That newsfeed will feed your biases, so if you are right-wing in politics, you will get a lot of Fox News-type right-wing “news” and opinions, feeding your existing biases. As such your views will harden as your existing views get reinforced. Again, this is done deliberately because we enjoy having our views validated, therefore will spend more time on the platform.

  • Political influence. Views get entrenched on each side of the divide and society becomes polarised. Intelligent discourse between opposing groups gets crushed. We are seeing the effects of this right now across the US. Such a level of public hostility across society is truly alarming, and is being fed at scale by these platforms. With no regulation, fake news becomes real news and any view becomes acceptable and entrenched.

To top this off, malign forces such as Russia can influence an election outcome, not by hacking Facebook but by simply using its platform. It is a problem in plain sight, yet the overall influence of technology can be confusing. This is because, as The Social Dilemma documentary points out, technology can be viewed as simultaneously utopian and dystopian — a car, information or social connections are just a click away, but at the same time we don’t realise how we’re being manipulated.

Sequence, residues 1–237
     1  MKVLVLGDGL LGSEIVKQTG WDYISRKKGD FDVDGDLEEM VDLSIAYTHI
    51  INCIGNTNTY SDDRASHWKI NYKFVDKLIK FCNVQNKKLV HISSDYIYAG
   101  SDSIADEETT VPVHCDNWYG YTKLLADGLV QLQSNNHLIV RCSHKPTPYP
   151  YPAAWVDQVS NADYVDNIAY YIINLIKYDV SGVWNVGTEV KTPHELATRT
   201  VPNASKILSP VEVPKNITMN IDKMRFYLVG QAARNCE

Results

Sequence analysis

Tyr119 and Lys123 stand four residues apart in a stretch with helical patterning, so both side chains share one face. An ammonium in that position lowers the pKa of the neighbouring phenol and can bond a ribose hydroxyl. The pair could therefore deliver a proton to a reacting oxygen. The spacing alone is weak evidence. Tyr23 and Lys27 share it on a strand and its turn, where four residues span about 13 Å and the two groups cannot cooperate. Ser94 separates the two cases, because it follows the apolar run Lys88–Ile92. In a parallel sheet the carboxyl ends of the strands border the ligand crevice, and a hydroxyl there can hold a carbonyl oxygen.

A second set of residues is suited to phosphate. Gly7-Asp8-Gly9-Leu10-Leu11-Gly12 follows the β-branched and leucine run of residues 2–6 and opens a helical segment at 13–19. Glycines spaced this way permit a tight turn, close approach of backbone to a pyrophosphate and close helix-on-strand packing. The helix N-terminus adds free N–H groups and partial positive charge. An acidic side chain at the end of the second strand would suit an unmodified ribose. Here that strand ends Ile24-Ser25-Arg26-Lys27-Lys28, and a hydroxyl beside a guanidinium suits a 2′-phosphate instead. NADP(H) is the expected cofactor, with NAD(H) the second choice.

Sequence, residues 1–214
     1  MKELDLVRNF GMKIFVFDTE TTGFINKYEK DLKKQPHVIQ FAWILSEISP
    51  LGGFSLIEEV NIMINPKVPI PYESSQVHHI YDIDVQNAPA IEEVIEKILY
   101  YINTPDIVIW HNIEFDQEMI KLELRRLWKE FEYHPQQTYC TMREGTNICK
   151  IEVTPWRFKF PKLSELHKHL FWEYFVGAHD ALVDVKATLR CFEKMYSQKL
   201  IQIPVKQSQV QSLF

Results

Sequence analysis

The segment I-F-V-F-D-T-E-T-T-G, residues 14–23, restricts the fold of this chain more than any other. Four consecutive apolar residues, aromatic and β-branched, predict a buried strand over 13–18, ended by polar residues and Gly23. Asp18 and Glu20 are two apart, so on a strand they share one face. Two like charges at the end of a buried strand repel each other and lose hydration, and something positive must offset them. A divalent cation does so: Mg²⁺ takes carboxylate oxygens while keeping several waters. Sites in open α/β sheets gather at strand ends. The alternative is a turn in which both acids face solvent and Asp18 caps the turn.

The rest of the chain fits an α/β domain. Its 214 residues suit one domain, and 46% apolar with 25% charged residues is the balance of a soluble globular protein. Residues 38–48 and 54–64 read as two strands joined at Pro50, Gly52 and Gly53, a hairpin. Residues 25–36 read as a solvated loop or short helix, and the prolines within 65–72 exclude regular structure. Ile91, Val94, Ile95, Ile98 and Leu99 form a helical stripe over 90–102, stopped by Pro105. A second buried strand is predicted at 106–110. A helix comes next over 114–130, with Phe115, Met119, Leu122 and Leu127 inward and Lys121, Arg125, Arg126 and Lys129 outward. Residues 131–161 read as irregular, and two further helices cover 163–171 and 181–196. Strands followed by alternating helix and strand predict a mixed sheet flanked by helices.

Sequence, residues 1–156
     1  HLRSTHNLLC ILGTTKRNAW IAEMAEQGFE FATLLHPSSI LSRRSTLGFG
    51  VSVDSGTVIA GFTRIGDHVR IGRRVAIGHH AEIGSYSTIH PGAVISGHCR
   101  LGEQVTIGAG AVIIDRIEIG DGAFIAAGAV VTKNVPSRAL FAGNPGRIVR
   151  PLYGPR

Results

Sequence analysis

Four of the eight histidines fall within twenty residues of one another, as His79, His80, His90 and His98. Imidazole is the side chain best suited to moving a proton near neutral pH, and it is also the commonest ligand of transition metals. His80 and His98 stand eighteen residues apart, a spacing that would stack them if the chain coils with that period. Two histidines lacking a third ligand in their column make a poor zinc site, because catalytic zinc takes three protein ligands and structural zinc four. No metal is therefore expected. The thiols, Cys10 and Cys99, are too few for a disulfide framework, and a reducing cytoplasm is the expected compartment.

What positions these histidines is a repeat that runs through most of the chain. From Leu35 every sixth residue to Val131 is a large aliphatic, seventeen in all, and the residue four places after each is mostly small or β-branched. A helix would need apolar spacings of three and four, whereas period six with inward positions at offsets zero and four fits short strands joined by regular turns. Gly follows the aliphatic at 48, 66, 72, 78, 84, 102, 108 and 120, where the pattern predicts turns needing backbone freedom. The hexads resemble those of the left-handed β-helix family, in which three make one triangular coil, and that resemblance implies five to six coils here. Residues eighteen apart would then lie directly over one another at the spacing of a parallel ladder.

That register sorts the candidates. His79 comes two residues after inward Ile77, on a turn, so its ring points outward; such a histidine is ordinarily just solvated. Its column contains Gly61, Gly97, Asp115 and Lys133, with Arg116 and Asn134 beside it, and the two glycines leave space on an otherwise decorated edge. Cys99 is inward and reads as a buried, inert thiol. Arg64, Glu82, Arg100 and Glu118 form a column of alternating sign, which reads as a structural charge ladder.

This will have to be dealt with, and I suspect an election victory for Joe Biden may be the trigger. He has been publicly more critical of the tech companies, calling for more regulation and breaking up of monopolies. A long overdue day of reckoning is most likely at hand.

Ultimately, it is our youth who are being damaged by this technological phenomenon. Another important matter, the focus on a “perfect” online presence, is harming our children. The incidence of suicide in the US of 10- to 14-year-old girls is up 190% in 10 years. Intervention is becoming increasingly urgent. 

Looking at technology stocks from a pure investment perspective, they have their good points and their bad; they are strong and growing organisations, but they are expensive. However, from a responsible investment perspective, some are more bad than good. They have evolved from modest and erstwhile beginnings to, in some cases, a business model that actively does harm to keep the profits flowing. This is a completely unsustainable model for society as a whole.

• George is director of investments at Old Mutual Investment Group.